Daily Newspaper and Travel Guide
for Pecos Country of West Texas
Thursday, April 3, 2003
Machuca to be deployed to Middle East
Specialist Steve R. Machuca, who has been serving in the U.S. Army, First
Cavalry Division, for the past four years, will be deployed to the Middle
East in May.
Specialist Machuca is a mechanic in the Army and is currently stationed
in Fort Hood.
He is the son of Timio and Juana Machuca of Pecos.
Machuca has been stationed in Fort Hood in 2000; Korea in 2001 and has
been stationed in Fort Hood since April 2002.
Binational project offers hope for controlling tuberculosis
It's a new effort health experts hope will stem the tide of tuberculosis
(TB), especially drug-resistant TB.
The Texas Department of Health (TDH), the federal Centers for Disease
Control and Prevention (CDC), the Pan American Health Organization and Prevention
and (CDC), the Pan American Health Organization and the U.S. Mexico
Border Health Commission are working together on a two-year pilot project
to track and treat migrants with TB as they travel from Mexico to Texas
and on north and back again. "That's great for migrants, but why should
anyone else be interested in this project?" Asked Charles Wallace, director
of the state health department's tuberculosis elimination division. "Because
TB is airborne and anyone can get it. It is simply a matter of being in
the wrong place at the wrong time. TB is an equal-opportunity disease."
From 1990 to 2002, there were 26,844 TB cases reported in Texas. In
2002, 1,550 cases were reported an almost 6 percent drop from the number
reported in 2001. "While we're glad that rates have declined, this is not
a disease that's going away easily or quickly. We can't be complacent in
our efforts because rates of TB tend to fluctuate, "Wallace said. "I call
this the roller-coaster effect."
It's a young, mobile population that most often suffers from TB. "There
is a lot of back-and-forth travel between Texas and Mexico and between
California and Texas. People have jobs on one side of the border and live
on the other side. They have family on both sides of the border. It's that
mobility that has us concerned," explained Wallace. "TB is spread through
the air. With so many people who have the disease traveling through Mexico,
Texas and around the United States, the opportunity for spreading this disease
The problem with a transitory population is that people start treatment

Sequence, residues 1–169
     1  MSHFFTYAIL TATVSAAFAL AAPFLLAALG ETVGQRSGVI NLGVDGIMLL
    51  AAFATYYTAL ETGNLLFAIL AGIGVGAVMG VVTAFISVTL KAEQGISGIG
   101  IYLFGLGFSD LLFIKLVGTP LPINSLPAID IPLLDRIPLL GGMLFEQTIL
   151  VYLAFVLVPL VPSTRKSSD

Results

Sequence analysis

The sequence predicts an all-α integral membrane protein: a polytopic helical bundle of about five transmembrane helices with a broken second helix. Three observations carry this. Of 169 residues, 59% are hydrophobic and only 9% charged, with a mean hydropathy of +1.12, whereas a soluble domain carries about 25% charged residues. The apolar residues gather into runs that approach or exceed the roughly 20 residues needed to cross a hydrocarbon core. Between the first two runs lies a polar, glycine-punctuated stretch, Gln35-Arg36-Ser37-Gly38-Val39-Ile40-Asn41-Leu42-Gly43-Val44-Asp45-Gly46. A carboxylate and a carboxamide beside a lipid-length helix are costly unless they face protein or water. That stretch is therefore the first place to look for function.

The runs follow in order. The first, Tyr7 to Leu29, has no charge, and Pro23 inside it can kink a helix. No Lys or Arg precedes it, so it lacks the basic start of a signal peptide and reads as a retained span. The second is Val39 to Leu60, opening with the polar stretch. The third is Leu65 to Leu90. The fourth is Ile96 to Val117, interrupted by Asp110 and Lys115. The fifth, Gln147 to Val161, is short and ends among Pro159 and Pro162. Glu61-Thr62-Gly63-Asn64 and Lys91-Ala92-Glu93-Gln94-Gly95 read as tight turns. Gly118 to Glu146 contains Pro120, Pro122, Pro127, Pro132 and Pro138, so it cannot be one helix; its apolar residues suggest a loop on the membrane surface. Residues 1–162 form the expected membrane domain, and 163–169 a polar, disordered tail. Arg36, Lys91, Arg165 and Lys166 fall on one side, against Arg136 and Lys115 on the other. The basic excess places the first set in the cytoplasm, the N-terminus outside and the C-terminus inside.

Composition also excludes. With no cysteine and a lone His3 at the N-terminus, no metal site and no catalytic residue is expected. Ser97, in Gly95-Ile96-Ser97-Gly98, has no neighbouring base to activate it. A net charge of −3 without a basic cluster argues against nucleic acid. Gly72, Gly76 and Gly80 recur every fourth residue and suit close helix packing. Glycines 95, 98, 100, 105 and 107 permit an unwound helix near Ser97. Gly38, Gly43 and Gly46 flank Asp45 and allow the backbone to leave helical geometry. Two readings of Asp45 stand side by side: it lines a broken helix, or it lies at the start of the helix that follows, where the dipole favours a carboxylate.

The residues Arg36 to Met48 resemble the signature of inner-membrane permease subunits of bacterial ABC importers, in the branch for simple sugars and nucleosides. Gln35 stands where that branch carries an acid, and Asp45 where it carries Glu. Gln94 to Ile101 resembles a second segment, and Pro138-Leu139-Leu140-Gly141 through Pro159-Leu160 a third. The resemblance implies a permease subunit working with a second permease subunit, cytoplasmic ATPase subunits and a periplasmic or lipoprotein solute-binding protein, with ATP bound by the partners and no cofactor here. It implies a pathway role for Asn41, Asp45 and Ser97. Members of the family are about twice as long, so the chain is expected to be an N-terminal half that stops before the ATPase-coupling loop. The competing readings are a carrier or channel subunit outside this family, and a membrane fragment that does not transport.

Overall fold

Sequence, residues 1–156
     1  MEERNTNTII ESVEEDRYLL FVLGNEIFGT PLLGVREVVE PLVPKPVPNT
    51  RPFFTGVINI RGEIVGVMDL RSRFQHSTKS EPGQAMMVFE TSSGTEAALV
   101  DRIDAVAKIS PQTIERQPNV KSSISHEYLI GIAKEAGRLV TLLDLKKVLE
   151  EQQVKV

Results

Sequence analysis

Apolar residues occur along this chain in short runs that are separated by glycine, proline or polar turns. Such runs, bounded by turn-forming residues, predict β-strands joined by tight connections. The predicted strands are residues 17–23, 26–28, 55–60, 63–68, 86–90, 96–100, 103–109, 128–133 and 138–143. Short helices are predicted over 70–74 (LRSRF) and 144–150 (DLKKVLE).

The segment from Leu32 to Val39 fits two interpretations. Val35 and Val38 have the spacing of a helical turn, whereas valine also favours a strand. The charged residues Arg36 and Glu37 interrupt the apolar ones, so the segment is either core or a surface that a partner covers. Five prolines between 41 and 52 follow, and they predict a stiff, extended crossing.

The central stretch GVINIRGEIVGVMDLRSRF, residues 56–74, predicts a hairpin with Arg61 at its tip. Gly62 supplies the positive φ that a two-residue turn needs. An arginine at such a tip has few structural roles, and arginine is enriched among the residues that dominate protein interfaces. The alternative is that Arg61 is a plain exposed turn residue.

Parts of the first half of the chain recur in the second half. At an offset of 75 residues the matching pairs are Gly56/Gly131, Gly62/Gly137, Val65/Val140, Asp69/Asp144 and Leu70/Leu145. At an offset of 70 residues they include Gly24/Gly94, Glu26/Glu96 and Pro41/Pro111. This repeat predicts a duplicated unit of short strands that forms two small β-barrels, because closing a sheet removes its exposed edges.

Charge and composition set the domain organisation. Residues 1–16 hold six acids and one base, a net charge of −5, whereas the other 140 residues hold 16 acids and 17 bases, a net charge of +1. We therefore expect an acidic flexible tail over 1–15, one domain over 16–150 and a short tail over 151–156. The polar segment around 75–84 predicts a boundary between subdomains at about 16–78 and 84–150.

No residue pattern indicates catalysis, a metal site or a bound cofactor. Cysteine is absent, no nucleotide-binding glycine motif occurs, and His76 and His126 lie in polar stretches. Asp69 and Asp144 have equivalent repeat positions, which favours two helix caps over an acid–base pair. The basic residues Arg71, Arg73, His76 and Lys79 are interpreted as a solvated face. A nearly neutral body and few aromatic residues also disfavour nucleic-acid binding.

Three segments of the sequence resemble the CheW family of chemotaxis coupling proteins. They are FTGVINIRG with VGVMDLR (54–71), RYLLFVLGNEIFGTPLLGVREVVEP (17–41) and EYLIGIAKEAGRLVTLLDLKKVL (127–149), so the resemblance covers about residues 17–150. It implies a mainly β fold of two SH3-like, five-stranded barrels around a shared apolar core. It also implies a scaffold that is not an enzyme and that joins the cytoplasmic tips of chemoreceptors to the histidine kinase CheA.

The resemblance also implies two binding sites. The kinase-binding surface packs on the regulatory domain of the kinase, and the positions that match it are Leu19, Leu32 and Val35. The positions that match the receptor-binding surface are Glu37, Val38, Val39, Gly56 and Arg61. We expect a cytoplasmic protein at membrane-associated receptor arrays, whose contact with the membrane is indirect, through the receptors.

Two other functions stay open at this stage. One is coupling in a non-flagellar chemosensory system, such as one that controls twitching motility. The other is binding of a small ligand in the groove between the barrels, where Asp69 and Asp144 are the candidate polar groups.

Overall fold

and don't complete it. This gives the bacteria the opportunity to strengthen
and come back in a more virulent form that can become drug resistant, making
it more expensive and time consuming to cure.
That's where the pilot project comes in. Anyone with the disease who
travels between Texas and Mexico can be registered in the TB binational
project's data base and will receive a card with an identification number.
"This card will serve as a tool for referring patients between both countries
to ensure completion of therapy," Wallace said. "When patients leave the
country for the United States or Mexico, they will be instructed where they
obtain health care to complete their TB treatment, no matter where they
are living at the time. The goal is to make sure that those who have TB
receive adequate and complete treatment."
The pilot will be held in two border areas: El Paso, Texas, Las Cruces,
New Mexico/Ciudad Juarez, Chihuahua, and San Diego, California/ Tijuana,
Baja California. Four interior Mexican states are also pilot sites: Michoacan,
Jalisco, Veracruz and Oaxaca.
"We're expecting 10,000 cards to be distributed in the next two years
on both sides of the border," said Wallace.
After the two years is completed, CDC will evaluate the project. If the
project is successful, it will be continued and expanded all along the Texas-Mexico
border. "This will make a big difference in how well we track and control
TB in this country," Wallace said. "We hope this new effort will bring us
closer to a day when fewer and fewer people suffer from tuberculosis."
Garage sale planned
A garage sale will be held from 9 a.m. until 2 p.m., Saturday, April
5, at 1638 Cowan Street.
The event is sponsored by the North Temple Baptist Church Acteens group.
Proceeds will benefit the Annie Armstrong Easter offering.
York M. "Smokey" Briggs, Publisher
Division of Buckner News Alliance, Inc.
324 S. Cedar St., Pecos, TX 79772
Phone 915-445-5475, FAX 915-445-4321
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Copyright 2003 by Pecos Enterprise